The other interesting thing about the article is that it appears to be composed of images captured either from a low resolution screen capture program or a digital camera without a massive megapixel capability.
I worked through the slides and comments as best as I could. I noted several points in addition to the aforementioned lacunae regarding security; to wit:
- SAP wants to simplify the analytics landscape. This is a noble goal, but my experience has been that SAP is a pretty complex beastie. That may be my own ignorance coloring what is just an intuitive, tightly integrated example of enterprise software.
- SAP likes dedicating servers or clusters of servers to tasks. There is a server for the in memory database. There is a server for what I think used to be Business Objects. There is the SAP desktop. There are edge servers in case your SAP installation is not for a single user. There is the SAP cloud which, I assume, is an all purpose solution to computational and storage bottlenecks. Lots of servers.
- Business Objects is the business intelligence engine. I am not confident in my assessment of complexity, but, as I recall, Business Objects can be a challenge.
My reaction to the presentation is that for the faithful who owe their job and their consulting revenue to SAP’s simplified business intelligence solutions and servers, joy suffuses their happy selves.
For me, I keep wondering about security. And whatever happened to TREX? What happened to Inxight’s Thingfinder and related server technologies?
How simple can an enterprise solution be? Obviously really simple. Did I mention security?
Stephen E Arnold, May 14, 2015
May 8, 2015
According to Datamation’s article, “Deflating The Cloud BI Hype Balloon” the mad, widespread adoption of enterprise cloud computing is deflating like helium out of a balloon. While the metaphor is apt for any flash pan fad, it also should be remembered that Facebook and email were considered passing trends. It could be said that when their “newness” wore off they would sink faster than a lead balloon, if we want to continue with the balloon metaphor. If you are a fan of Mythbusters, however, you know that lead balloons, in fact, do float.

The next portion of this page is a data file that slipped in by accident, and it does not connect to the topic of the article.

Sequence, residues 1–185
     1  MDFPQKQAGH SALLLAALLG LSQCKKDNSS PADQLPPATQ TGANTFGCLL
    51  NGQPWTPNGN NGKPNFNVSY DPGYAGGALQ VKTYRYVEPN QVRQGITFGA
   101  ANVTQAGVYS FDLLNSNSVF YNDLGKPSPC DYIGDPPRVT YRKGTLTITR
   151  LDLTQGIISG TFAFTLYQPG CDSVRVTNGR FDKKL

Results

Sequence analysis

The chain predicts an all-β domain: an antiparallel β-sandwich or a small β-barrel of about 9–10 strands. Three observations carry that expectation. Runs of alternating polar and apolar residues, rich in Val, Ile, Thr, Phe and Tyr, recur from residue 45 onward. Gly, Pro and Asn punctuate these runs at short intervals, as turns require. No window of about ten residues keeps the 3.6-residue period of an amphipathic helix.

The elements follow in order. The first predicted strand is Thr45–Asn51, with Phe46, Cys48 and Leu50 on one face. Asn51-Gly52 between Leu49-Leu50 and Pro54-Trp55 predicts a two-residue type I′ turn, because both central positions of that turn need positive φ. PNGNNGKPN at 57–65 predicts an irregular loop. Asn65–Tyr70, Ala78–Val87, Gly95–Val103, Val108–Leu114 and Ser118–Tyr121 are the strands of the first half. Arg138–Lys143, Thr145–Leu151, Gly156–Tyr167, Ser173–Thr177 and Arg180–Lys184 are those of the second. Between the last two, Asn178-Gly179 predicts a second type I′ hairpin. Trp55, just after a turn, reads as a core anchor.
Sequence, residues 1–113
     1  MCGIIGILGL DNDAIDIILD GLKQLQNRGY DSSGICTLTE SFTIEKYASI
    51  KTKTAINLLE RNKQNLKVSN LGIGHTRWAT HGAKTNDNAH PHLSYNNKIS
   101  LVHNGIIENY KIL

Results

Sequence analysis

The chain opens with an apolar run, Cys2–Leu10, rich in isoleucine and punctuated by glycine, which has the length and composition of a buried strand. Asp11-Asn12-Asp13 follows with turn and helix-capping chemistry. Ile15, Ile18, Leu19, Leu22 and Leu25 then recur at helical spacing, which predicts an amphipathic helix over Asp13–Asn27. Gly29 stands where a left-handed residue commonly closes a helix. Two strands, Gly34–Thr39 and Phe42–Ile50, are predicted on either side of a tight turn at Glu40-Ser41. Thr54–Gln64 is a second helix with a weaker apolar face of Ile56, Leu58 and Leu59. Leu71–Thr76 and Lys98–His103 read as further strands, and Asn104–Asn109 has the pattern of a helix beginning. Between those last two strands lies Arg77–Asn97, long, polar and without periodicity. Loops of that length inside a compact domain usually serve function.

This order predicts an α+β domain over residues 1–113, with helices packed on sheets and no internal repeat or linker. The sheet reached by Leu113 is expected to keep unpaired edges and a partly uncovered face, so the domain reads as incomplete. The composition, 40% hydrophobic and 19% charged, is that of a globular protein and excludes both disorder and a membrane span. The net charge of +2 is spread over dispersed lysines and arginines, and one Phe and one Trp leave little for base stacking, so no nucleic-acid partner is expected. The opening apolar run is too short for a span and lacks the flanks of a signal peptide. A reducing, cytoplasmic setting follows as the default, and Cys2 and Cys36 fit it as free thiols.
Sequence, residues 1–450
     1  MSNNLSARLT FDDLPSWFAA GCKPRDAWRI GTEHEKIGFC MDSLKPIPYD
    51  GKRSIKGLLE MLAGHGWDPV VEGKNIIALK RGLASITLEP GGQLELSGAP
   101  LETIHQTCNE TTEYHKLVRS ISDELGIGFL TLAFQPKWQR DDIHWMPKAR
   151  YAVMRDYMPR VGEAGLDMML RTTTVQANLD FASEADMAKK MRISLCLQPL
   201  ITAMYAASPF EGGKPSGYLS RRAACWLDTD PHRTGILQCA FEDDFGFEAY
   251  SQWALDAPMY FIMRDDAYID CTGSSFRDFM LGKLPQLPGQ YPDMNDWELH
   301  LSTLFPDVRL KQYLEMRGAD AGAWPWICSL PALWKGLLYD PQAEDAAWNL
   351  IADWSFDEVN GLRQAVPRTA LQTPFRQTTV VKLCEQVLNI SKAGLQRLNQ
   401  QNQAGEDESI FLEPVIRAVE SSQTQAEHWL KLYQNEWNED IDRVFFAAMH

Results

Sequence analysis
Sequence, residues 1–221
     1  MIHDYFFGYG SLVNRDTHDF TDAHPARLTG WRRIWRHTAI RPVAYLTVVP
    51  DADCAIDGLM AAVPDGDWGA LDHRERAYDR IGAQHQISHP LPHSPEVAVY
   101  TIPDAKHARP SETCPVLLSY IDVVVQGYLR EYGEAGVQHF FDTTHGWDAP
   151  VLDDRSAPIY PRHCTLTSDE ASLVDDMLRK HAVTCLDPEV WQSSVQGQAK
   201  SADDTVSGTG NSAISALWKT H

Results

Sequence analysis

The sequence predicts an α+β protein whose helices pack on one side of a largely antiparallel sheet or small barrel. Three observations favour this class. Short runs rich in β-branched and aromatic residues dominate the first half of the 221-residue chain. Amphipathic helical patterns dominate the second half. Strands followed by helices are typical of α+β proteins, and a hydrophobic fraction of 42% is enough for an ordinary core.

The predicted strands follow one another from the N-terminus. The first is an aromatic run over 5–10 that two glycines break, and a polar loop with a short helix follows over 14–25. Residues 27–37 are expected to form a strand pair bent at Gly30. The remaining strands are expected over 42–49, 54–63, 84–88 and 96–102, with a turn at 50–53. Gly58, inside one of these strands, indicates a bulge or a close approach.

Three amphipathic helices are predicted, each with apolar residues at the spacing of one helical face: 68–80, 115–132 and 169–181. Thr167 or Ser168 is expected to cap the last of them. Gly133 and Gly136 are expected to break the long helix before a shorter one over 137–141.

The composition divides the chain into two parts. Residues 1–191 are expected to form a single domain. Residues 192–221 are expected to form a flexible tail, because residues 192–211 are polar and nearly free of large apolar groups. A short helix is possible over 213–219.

What the article and we are aiming here is that like the Mythbusters’ lead balloon, cloud adoption can be troublesome but it will work or float in the end. Datamation points out that the urgency for immediate adoption has faded as security risks and integration with proprietary systems become apparent.
Howard Dresner wrote a report called “Cloud Computing And Business Intelligence” that explain his observations on enterprise cloud demand. Dresner says that making legacy systems adaptable to the cloud will be a continuous challenge, but he stresses that some data does not belong in cloud, while some data needs to be floating about. The challenge is making the perfect hybrid system.
He makes the same apt observation about the lead balloon:
“Dresner, who was a Gartner fellow and has 34 years in the IT industry, takes a longer-term perspective about the integration challenges. “We have to solve the same problems we solved on premise,” he explains, and then adds that these problems “won’t persist forever in the enterprise, but they will take a while to solve.”
In other words, it takes time to assemble, but the lead balloon will keep floating around until the next big thing to replace the cloud. Maybe it will be direct data downloads into the head.
April 28, 2015
SharePoint was lauded earlier in the year for committing to a new on-premises version of SharePoint Server 2016. However, since then the rollout has been beset by delays and criticism that on-site installations will continue to play the ugly stepsister to the cloud. The United Kingdom’s The Register provides a cynical assessment of the latest news in their article, “SharePoint’s Next Release Delayed Until Deep into 2016.”
The article begins: